While the Great War raged, Australians were twice asked to vote on the question of military conscription for overseas service. The recourse to popular referendum on such an issue at such a time was without precedent anywhere in the world. The campaigns precipitated mass mobilisation, bitter argument, a split in the Labor Party, and the fall of a government. The defeat of the proposals was hailed by some as a victory of democracy over militarism, mourned by others as an expression of political disloyalty or a symptom of failed self-government.
But while the memory of the conscription campaigns once loomed large, it has increasingly been overshadowed by a preoccupation with the sacrifice and heroism of Australian soldiers – a preoccupation that has been reinforced during the centennial commemorations.
This volume redresses the balance. Across nine chapters, distinguished scholars consider the origins, unfolding, and consequences of the conscription campaigns, comparing local events with experiences in Britain, the United States, and other countries. A corrective to the ‘militarisation’ of Australian history, it is also a major new exploration of a unique and defining episode in Australia’s past.
About the Authors
Robin Archer is Director of the postgraduate program in Political Sociology at the London School of Economics and Emeritus Fellow in Politics at Corpus Christi College, Oxford. He is the author of Economic Democracy (Oxford, 1995) and Why Is There No Labor Party in the United States? (Princeton, 2008).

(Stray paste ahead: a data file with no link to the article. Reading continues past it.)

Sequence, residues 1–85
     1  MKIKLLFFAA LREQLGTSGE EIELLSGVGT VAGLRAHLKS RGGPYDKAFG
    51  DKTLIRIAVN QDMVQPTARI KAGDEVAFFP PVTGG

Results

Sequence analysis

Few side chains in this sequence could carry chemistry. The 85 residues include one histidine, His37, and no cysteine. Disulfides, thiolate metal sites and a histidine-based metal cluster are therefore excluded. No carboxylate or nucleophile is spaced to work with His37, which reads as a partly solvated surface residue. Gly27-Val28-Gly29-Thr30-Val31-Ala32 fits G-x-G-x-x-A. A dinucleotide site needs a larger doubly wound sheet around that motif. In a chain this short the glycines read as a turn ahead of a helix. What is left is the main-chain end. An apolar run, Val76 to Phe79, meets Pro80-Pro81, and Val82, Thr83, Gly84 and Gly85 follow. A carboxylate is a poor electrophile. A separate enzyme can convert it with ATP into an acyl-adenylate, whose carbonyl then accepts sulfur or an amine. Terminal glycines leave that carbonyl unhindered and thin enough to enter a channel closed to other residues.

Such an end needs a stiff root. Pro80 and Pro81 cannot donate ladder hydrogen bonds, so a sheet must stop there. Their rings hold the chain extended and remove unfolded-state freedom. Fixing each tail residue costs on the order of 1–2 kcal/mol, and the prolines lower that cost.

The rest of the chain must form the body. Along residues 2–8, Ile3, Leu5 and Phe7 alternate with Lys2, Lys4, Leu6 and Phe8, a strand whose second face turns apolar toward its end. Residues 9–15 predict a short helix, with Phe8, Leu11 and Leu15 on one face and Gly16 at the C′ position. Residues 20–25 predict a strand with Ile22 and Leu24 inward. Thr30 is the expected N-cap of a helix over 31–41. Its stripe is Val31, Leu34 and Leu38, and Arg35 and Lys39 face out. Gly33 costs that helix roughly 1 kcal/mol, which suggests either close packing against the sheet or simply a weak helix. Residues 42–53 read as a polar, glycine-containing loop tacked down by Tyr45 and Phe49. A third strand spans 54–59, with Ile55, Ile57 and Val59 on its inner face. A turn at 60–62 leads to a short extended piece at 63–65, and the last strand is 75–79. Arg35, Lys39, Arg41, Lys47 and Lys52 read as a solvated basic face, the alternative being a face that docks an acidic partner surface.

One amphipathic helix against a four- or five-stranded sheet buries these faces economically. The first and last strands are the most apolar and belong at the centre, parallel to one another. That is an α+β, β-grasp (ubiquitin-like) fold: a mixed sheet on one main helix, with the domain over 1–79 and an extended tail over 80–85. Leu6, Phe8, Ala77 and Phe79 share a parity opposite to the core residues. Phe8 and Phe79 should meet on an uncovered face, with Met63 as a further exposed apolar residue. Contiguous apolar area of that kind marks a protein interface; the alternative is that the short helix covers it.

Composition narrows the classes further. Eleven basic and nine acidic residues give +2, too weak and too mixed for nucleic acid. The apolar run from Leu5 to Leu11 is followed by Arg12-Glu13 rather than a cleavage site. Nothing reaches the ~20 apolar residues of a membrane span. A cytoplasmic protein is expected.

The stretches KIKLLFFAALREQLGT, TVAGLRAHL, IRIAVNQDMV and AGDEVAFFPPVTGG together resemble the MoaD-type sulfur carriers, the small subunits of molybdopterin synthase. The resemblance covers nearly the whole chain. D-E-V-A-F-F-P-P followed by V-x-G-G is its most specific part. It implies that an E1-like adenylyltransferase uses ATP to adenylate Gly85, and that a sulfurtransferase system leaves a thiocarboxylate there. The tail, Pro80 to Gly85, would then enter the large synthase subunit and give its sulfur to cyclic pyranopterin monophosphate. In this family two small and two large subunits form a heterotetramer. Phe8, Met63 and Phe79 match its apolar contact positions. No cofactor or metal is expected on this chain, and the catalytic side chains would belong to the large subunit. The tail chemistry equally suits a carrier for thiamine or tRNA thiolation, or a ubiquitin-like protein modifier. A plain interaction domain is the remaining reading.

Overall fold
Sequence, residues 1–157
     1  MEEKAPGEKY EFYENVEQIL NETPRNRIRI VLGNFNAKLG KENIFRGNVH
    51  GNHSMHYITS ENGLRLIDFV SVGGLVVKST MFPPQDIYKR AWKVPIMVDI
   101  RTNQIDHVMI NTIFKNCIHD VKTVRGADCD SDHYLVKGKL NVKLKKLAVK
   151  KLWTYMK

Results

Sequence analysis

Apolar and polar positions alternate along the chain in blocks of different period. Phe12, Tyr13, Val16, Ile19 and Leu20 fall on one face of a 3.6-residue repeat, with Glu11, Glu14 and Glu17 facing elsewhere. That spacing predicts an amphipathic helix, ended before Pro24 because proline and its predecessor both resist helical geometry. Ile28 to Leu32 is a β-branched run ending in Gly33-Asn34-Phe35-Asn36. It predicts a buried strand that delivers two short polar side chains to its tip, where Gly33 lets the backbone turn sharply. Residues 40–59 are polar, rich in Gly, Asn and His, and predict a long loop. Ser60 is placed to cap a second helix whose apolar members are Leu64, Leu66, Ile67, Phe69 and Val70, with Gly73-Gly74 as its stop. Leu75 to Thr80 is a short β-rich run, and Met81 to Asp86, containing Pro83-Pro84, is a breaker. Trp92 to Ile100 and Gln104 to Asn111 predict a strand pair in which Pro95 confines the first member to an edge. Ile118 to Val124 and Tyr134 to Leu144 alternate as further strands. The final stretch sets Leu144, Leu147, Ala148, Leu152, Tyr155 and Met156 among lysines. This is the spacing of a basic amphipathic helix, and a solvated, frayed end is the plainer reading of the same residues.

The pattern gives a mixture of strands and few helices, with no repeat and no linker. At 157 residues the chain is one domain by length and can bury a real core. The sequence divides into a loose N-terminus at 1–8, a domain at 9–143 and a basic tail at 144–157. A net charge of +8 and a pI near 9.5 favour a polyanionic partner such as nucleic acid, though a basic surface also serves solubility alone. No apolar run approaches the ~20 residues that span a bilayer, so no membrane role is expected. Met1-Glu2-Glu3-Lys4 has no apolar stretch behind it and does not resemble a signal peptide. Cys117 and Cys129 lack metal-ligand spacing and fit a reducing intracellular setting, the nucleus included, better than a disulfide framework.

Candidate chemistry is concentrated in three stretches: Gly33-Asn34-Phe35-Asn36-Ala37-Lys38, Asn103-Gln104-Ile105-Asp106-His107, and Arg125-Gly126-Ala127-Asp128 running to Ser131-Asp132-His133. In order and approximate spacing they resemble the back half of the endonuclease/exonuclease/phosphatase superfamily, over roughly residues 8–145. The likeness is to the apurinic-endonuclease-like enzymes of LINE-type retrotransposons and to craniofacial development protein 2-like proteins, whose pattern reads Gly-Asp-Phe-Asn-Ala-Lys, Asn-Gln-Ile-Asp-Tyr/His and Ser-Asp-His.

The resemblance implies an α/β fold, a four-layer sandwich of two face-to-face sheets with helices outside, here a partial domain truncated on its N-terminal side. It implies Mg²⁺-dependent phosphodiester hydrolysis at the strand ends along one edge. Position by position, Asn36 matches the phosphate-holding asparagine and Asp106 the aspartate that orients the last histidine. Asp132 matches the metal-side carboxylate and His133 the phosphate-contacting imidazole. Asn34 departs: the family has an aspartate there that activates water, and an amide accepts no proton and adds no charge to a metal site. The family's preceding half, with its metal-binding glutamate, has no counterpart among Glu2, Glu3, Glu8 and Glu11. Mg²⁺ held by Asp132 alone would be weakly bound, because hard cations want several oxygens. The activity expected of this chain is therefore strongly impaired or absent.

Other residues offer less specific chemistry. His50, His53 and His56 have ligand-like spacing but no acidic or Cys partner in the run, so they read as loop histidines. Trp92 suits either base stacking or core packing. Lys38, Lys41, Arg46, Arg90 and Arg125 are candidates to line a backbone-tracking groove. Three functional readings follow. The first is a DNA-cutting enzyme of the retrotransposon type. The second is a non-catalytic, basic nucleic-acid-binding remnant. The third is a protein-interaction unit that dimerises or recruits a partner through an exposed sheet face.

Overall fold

Joy Damousi is Professor of History at the University of Melbourne. She is the author of The Labour of Loss: Mourning, Memory and Wartime Bereavement in Australia (Cambridge, 1999), Freud in the Antipodes (UNSW, 2005) and Colonial Voices: A Cultural History of English in Australia 1840-1940 (Cambridge, 2010).
Murray Goot is Professor of Politics at Macquarie University and a former President of the Australasian Political Studies Association. He is the author of Australian Opinion Polls (Hale and Iremonger, 1993), Divided Nation? (Melbourne, 2007),and numerous scholarly articles on elections, referendums and public opinion.
Sean Scalmer is Associate Professor of History at the University of Melbourne. He is the author of Dissent Events: Protest, the Media, and the Political Gimmick in Australia (UNSW, 2002) and Gandhi in the West: The Mahatma and the Rise of Radical Protest (Cambridge, 2011).